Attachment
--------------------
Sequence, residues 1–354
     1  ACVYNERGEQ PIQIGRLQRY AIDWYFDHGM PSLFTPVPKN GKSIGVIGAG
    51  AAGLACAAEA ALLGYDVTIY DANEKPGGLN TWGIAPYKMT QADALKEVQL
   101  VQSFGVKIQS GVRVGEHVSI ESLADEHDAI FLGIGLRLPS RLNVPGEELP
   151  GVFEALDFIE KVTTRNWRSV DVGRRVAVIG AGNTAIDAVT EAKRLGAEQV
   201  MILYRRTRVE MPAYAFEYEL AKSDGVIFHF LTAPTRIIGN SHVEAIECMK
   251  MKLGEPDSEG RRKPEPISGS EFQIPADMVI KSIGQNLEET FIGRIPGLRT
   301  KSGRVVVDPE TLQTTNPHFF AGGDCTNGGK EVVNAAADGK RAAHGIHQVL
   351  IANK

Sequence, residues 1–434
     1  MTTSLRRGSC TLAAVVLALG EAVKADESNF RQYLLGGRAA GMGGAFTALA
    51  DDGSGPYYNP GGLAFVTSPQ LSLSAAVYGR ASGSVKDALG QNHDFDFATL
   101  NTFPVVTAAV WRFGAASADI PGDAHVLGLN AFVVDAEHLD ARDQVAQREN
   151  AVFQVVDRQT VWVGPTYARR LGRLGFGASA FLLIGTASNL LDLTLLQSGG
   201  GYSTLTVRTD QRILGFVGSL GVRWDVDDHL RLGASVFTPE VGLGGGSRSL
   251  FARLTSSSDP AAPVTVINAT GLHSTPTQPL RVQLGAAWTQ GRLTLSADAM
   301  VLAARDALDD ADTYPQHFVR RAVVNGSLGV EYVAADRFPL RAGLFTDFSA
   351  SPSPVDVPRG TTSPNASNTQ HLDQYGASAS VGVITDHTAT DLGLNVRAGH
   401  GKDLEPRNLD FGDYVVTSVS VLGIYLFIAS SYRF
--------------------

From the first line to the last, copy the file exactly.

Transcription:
Sequence, residues 1–354
     1  ACVYNERGEQ PIQIGRLQRY AIDWYFDHGM PSLFTPVPKN GKSIGVIGAG
    51  AAGLACAAEA ALLGYDVTIY DANEKPGGLN TWGIAPYKMT QADALKEVQL
   101  VQSFGVKIQS GVRVGEHVSI ESLADEHDAI FLGIGLRLPS RLNVPGEELP
   151  GVFEALDFIE KVTTRNWRSV DVGRRVAVIG AGNTAIDAVT EAKRLGAEQV
   201  MILYRRTRVE MPAYAFEYEL AKSDGVIFHF LTAPTRIIGN SHVEAIECMK
   251  MKLGEPDSEG RRKPEPISGS EFQIPADMVI KSIGQNLEET FIGRIPGLRT
   301  KSGRVVVDPE TLQTTNPHFF AGGDCTNGGK EVVNAAADGK RAAHGIHQVL
   351  IANK

Sequence, residues 1–434
     1  MTTSLRRGSC TLAAVVLALG EAVKADESNF RQYLLGGRAA GMGGAFTALA
    51  DDGSGPYYNP GGLAFVTSPQ LSLSAAVYGR ASGSVKDALG QNHDFDFATL
   101  NTFPVVTAAV WRFGAASADI PGDAHVLGLN AFVVDAEHLD ARDQVAQREN
   151  AVFQVVDRQT VWVGPTYARR LGRLGFGASA FLLIGTASNL LDLTLLQSGG
   201  GYSTLTVRTD QRILGFVGSL GVRWDVDDHL RLGASVFTPE VGLGGGSRSL
   251  FARLTSSSDP AAPVTVINAT GLHSTPTQPL RVQLGAAWTQ GRLTLSADAM
   301  VLAARDALDD ADTYPQHFVR RAVVNGSLGV EYVAADRFPL RAGLFTDFSA
   351  SPSPVDVPRG TTSPNASNTQ HLDQYGASAS VGVITDHTAT DLGLNVRAGH
   401  GKDLEPRNLD FGDYVVTSVS VLGIYLFIAS SYRF